I also can’t imagine how difficult the national nursing licensing exam would likely be for this student, and the tremendous amount of stress that is going to cause her.

The college also needs to accept some responsibility (which they may have). With all of the data analytics that are available these days, I am sure it would be easy enough for college administrators to get periodic reports on struggling students. The college should offer counseling to such students, in the form of suggesting other majors, or setting periodic goals that the student must meet.

Perhaps the nursing program could set minimum GPA guidelines that need to be met each semester, and if they are not, then a student is put on probation. If the student does not get his or her grades above the minimum, then he or she can no longer be enrolled in that particular program.

Again, it may be that the college in question is already has such counseling and support programs in place.

But at the end of the day, at least based on what I have read so far, this is another case of someone not taking personal responsibility for their actions and performance.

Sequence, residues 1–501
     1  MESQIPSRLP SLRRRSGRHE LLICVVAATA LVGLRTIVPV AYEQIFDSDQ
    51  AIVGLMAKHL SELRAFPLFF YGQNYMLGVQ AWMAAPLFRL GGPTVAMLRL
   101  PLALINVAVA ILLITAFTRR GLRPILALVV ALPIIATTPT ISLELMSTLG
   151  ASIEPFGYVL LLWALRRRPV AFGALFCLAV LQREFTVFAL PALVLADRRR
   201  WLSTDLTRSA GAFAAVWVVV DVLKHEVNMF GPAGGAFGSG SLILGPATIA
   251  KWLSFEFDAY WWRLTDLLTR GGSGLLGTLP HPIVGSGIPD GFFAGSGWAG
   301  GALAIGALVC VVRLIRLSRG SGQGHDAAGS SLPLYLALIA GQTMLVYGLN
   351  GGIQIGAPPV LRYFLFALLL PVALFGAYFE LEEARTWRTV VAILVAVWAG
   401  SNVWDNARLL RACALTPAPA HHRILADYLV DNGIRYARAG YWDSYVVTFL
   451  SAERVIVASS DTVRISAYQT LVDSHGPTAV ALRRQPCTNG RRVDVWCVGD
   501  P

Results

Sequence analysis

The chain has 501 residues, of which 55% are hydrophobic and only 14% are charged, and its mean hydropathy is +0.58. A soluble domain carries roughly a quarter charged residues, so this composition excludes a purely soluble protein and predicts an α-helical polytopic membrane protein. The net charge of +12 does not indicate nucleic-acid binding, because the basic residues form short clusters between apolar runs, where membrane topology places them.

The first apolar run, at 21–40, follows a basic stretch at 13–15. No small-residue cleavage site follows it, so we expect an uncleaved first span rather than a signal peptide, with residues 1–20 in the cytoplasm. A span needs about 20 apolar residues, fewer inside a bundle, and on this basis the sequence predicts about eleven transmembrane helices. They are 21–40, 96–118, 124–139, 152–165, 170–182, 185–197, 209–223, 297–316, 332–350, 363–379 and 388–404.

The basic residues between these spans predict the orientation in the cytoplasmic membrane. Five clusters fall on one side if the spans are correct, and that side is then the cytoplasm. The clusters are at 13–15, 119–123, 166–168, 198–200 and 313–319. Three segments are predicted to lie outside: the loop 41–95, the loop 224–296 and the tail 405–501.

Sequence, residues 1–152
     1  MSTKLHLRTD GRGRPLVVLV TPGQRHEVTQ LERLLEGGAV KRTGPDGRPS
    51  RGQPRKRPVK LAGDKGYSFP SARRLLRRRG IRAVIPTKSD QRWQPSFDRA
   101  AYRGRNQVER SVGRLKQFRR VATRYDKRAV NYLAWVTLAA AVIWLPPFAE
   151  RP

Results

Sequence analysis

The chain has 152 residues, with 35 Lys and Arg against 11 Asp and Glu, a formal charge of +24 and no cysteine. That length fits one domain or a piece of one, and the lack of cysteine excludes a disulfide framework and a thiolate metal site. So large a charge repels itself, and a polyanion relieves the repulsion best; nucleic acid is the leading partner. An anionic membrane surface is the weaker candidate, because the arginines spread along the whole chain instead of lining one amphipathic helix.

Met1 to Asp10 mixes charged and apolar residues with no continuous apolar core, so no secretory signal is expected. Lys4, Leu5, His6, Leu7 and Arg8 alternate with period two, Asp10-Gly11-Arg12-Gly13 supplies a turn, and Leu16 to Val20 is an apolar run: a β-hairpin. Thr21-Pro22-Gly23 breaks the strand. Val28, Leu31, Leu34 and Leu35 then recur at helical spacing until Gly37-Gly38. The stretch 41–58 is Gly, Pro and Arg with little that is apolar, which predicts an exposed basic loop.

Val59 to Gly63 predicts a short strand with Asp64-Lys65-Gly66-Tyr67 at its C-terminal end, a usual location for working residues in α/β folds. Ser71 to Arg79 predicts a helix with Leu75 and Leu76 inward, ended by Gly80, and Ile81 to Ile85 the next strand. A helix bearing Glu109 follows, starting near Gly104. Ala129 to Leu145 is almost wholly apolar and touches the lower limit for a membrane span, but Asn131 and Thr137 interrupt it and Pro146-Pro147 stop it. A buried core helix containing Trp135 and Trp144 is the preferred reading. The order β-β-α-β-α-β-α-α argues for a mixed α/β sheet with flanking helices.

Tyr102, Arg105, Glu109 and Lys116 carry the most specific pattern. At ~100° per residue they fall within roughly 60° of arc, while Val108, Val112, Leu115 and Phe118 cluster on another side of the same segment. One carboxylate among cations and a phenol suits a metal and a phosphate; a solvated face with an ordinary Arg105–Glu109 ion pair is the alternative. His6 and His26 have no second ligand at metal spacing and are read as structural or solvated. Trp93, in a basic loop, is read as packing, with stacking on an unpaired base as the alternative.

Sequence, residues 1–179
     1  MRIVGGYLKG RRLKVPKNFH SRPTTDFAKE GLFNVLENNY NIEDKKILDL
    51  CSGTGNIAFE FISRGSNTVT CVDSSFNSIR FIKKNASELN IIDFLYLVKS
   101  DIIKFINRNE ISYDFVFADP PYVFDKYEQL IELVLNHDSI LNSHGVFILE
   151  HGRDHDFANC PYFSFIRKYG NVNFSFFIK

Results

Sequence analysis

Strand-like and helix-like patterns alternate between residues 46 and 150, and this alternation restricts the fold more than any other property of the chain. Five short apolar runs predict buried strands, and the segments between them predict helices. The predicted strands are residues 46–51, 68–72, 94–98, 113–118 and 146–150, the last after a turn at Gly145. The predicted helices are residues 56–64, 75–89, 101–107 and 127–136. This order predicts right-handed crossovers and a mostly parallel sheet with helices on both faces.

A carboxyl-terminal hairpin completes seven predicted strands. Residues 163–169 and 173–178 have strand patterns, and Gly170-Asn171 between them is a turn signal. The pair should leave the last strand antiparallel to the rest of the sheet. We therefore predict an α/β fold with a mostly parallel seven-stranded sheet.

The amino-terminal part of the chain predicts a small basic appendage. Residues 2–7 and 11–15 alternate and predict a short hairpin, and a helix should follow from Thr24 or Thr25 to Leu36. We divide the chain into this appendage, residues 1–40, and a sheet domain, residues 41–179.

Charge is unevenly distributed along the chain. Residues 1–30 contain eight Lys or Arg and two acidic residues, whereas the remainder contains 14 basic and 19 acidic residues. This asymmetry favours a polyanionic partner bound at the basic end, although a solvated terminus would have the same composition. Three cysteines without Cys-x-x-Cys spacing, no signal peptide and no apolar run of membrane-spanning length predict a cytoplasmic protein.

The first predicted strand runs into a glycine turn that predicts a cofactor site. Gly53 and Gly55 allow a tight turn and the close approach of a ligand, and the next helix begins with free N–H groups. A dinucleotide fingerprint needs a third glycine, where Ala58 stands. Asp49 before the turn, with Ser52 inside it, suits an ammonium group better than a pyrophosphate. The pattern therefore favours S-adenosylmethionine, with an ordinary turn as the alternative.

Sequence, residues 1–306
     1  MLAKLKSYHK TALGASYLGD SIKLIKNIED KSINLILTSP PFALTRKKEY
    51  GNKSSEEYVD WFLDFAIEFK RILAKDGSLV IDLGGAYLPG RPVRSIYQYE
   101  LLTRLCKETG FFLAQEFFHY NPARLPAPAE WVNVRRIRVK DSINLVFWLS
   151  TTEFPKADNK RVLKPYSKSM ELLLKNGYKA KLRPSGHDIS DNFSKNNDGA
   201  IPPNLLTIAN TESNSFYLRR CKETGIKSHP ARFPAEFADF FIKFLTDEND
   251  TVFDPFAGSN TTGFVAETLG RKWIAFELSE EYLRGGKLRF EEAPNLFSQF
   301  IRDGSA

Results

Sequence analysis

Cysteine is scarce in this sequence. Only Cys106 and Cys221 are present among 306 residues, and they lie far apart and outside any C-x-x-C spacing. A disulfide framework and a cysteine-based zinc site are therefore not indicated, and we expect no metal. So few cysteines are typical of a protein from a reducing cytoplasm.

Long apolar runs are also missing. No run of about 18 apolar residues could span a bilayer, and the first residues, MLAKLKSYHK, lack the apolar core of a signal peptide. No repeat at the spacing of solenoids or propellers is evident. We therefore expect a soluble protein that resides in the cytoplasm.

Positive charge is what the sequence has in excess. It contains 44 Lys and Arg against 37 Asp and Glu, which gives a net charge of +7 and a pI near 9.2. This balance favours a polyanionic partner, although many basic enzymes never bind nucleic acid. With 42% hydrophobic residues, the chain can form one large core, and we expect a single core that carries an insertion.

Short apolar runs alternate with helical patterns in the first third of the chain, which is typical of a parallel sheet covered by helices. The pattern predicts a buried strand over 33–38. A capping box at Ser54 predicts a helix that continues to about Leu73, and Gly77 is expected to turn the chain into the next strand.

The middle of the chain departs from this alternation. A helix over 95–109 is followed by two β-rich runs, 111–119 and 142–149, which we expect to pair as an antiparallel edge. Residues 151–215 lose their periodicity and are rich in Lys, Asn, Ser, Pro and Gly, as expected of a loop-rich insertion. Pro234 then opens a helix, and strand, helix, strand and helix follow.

I am not questioning the student’s work ethic; I assume that she is working as hard as she can, but maybe she’s just not working smart.

I understand wanting to pursue a dream, but if such pursuit is causing anxiety and depression, then you may need to look for other ways to achieve your dream. There are likely many options available to her if she wants to work in health care – perhaps as a CNA or a technician – that would not be as stressful as a nurse, but could still give the same sense of helping others.

I wish her the best, but I also hope that she drops her lawsuit. It’s time to move on.

(General) Doolittle Did a Lot, and So Have Many Others


This is the eighth in a collection of newspaper ads from United Technologies that appeared in the Wall Street Journal from the late 1970s through the early 1980s. The link to the original ad is at the end of this post.